Key Points to Remember About Meetings

  1. Have your agenda prepared before the meeting.  Send it out to anyone that should attend so they can come prepared.  Use it as an outreach tool to hook new people in around specific topics.
  2.  Have a regular meeting cycle people can depend on, i.e. “general meetings once a month” or Crime Committee meetings once every two weeks.  If you have created a regular cycle, you must stick to it!  Once you have created expectations, follow through!
  3.  Have a definite starting and ending time written into your agenda and stick to it!  The shorter the better.  Meetings should rarely last more than 1 to 1½ hours for general meetings.  Committee meetings may go longer; depending on how much work needs to be done.
  4.  A meeting place should have enough room for those attending to sit comfortably and should not be too hot or too cold.  Meeting should be held in a place considered safe and neutral, not any one group’s turf.  Meeting places can often be found for free through local churches, union halls, lodges, community centers, senior centers, schools, neighborhood storefronts, banks (yes they have rooms), community gardens (when it’s warm out) and local agencies.  People won’t come if the meeting is too far away, so keep close to your block, in your building lobby or in a centrally located place.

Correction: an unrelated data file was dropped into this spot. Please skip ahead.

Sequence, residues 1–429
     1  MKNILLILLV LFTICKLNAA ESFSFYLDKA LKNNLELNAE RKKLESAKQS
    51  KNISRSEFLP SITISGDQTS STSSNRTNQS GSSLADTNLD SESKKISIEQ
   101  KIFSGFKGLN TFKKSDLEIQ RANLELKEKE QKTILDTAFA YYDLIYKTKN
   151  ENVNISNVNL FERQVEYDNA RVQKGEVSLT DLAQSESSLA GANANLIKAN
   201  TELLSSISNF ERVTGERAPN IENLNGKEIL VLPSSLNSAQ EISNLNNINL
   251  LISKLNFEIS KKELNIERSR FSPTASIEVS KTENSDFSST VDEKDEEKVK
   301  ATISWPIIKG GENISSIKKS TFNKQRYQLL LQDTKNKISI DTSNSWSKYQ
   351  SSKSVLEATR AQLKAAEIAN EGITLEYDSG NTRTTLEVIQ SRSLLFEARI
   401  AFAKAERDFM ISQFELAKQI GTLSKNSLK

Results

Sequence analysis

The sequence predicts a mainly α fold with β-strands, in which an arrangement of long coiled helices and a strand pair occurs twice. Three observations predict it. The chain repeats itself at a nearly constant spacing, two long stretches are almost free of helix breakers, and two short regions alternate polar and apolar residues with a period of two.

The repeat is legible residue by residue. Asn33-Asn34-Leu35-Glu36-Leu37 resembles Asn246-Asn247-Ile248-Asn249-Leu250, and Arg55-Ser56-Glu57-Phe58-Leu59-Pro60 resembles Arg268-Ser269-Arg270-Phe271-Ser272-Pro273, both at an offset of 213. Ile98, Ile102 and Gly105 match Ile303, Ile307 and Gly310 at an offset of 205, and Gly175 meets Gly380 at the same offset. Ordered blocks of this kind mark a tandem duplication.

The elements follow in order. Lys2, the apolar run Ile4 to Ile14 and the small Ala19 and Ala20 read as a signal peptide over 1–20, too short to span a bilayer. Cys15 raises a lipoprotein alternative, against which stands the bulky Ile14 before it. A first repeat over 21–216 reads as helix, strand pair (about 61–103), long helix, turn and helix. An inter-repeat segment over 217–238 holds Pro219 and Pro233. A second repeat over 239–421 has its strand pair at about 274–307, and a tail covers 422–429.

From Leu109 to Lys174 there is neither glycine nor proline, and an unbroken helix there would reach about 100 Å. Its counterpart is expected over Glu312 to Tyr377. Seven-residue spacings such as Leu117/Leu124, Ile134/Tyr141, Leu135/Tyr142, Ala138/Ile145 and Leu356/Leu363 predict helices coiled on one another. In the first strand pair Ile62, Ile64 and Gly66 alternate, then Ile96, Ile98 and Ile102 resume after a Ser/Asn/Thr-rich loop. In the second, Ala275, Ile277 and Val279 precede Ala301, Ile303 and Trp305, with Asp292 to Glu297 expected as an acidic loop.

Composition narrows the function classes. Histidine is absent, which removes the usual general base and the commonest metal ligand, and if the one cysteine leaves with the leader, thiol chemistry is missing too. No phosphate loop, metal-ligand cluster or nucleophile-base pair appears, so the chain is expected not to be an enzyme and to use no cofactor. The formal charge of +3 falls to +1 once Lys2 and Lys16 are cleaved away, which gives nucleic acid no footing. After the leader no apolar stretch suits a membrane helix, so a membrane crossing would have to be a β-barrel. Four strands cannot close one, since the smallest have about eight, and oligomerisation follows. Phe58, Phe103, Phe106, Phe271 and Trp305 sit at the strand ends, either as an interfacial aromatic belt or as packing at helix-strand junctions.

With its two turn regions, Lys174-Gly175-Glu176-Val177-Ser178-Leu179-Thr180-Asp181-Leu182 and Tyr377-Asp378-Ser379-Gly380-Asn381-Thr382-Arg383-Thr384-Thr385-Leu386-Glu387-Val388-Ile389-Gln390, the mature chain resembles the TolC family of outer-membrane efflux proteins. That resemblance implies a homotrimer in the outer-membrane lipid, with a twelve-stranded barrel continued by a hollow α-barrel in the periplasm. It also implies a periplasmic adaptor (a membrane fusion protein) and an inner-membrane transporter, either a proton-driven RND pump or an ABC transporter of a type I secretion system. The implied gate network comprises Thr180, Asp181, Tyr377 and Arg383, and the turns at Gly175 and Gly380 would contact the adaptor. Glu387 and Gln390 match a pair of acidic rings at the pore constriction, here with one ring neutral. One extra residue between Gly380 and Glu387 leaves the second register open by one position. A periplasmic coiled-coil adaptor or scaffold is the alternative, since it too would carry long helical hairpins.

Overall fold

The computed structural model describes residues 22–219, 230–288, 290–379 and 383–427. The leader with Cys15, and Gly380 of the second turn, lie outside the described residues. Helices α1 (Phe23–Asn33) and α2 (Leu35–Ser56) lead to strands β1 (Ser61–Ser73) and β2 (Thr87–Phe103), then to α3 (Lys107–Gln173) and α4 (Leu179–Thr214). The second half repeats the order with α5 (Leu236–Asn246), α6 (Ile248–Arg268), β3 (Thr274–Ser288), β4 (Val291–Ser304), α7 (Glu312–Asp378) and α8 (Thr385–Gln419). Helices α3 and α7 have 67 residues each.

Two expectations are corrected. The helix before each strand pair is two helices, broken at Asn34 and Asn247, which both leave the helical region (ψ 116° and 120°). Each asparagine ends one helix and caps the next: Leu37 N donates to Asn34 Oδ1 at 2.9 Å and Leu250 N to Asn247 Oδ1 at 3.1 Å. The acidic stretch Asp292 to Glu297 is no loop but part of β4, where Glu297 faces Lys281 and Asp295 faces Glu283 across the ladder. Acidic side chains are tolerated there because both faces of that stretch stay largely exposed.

5.  Don’t hold a meeting for a meeting’s sake.  If there are no decisions that the group has to make or no real reason to call everyone together, your newsletter can convey the information.  Send information out instead of wasting people’s time.  But don’t cancel too many meetings in a row – people need to come together to feel a sense of unity.
  6.  Have a sign-in sheet so you can update your membership list.  It’s important to keep track of who comes to meetings and who doesn’t for planning outreach.  If someone is missing a lot of meetings, you should find out why and follow-up.  Be sure to include address and phone number on the sign-in sheet.
  7.  Allow for social time before and/or after your meetings.  This gives people a chance to informally share information and ideas and relate to each other as neighbors.  Serve refreshments (coffee, cake, soda) if you can.  Try getting donations from local businesses or asking members to take turns bringing snacks.
  8.  Be clear about your purpose for having the meeting in the first place.  Have a clear sense before of what you want to see the meeting accomplish.  Meetings without clear goals are dull and confusing and can turn members off.  Be realistic and try not to overload your Agenda.  Prioritize your issues, it may have to wait for the next meeting or a special meeting may need to be called.